Napier Lopez is a writer based in New York City. He's interested in all things tech, science, and photography related, and likes to yo-yo in Napier Lopez is a writer based in New York City. He's interested in all things tech, science, and photography related, and likes to yo-yo in his free time. Follow him on Twitter.
At WWDC 2018, Apple announced it would bring UIKit support to the Mac, making it easier to port iOS apps to a desktop environment.
If that sounds familiar, it’s because we’ve been hearing about it since at least late last year, when a Bloomberg report detailed something called Project Marzipan at the time:
“…software developers will be able to design a single application that works with a touchscreen or mouse and trackpad depending on whether it’s running on the iPhone and iPad operating system or on Mac hardware, according to people familiar with the matter.”
And that’s pretty much what happened, though it’ll take a while for the full functionality to roll out.
UIKit is the interface framework for iOS apps, whereas Mac apps have traditionally used the aging AppKit. By bringing UIKit support to the Mac – and it’s keyboard+mouse interface – it makes it easier to port apps from one device to the other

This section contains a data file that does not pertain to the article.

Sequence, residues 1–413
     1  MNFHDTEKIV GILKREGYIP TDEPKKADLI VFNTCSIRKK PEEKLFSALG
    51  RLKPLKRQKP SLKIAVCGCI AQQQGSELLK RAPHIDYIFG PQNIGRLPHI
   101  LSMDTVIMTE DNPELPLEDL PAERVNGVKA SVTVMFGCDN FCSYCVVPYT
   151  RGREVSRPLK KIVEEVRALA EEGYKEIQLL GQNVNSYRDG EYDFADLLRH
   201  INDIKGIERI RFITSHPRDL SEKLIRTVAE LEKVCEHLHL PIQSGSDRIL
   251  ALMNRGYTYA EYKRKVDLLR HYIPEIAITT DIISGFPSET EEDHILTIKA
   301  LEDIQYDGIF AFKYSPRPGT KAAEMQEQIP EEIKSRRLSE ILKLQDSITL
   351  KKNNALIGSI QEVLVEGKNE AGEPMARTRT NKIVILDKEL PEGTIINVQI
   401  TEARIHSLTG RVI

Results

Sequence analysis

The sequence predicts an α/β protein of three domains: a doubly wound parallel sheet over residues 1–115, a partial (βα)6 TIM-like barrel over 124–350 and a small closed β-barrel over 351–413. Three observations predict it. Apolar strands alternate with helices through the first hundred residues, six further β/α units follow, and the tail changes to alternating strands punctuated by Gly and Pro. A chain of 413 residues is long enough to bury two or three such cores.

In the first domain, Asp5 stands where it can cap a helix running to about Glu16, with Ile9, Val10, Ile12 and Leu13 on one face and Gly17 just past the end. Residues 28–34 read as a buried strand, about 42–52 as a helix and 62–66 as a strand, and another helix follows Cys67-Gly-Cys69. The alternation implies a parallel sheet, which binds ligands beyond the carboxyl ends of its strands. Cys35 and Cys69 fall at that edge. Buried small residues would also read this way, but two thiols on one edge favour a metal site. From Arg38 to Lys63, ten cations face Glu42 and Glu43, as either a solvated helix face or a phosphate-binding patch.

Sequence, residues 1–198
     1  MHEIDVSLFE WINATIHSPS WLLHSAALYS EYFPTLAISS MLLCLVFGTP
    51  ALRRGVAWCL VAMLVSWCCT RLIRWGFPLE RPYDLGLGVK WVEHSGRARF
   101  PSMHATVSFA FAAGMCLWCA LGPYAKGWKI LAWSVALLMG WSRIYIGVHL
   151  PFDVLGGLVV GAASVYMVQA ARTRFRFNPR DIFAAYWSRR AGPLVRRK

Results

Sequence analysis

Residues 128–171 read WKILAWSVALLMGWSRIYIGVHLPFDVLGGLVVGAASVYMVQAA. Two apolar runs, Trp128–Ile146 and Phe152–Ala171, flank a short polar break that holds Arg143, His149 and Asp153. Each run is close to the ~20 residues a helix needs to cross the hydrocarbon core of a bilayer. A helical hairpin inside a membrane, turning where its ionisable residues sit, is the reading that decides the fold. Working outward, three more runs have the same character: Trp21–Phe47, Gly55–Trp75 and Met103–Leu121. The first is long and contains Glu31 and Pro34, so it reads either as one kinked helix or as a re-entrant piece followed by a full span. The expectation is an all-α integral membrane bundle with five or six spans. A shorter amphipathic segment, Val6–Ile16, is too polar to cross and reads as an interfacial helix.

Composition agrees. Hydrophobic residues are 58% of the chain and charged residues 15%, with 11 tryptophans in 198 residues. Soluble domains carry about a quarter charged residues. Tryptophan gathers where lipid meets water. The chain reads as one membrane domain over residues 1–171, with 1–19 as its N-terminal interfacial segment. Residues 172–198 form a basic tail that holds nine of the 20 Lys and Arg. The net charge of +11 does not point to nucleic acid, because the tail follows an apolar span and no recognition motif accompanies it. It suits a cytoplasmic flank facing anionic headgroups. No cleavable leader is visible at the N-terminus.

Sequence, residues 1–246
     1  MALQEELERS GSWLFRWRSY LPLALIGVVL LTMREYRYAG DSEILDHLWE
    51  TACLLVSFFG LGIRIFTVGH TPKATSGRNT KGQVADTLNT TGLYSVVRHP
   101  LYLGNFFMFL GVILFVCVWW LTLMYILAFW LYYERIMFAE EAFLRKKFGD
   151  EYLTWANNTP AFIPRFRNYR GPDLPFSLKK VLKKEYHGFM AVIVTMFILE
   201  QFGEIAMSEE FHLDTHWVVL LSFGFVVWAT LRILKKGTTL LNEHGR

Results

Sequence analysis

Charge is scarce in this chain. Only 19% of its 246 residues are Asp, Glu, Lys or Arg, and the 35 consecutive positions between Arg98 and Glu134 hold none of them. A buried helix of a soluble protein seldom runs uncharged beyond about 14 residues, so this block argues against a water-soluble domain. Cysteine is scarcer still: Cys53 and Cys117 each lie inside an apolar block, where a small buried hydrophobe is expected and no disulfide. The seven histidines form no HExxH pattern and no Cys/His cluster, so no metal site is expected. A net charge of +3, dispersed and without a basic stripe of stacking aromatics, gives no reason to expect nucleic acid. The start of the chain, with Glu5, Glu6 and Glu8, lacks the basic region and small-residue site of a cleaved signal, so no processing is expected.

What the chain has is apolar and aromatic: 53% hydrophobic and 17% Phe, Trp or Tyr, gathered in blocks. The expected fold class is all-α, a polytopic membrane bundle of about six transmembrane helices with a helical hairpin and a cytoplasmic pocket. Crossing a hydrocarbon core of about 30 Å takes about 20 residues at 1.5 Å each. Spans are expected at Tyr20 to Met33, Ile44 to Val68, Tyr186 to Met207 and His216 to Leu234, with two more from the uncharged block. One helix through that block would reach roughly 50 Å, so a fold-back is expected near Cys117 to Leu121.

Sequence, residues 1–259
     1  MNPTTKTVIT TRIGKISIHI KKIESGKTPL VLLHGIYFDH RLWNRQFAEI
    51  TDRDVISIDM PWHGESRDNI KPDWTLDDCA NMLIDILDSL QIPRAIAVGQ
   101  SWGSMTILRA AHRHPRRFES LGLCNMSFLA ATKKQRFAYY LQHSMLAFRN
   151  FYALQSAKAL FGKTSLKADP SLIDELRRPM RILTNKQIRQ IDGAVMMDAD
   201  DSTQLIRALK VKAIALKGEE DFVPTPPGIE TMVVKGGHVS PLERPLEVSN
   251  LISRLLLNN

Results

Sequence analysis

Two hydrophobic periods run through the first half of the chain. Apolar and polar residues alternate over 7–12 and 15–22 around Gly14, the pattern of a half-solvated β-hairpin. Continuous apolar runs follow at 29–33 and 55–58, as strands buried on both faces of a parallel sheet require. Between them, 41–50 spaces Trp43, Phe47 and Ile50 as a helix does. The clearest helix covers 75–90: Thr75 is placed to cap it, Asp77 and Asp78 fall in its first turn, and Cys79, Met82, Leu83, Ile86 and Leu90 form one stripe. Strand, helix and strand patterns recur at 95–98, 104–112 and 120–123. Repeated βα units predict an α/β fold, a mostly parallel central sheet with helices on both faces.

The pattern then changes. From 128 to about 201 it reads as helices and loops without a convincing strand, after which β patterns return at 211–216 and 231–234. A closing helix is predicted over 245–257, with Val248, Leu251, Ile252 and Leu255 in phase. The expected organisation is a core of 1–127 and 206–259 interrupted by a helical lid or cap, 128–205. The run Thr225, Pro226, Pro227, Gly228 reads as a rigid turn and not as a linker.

In case you were wondering if this is a sign Apple is planning on combining iOS and macOS, the answer is no. Apple has previously stated that there are no plans to combine the two operating systems, and did so very explicitly during this year’s keynote too.
Still, it means that future apps are more likely to show up on both platforms. You’re going to have to wait a while though; while Apple is testing UIKit with some of its own macOS apps, third-party devs won’t be able to try it until 2019.
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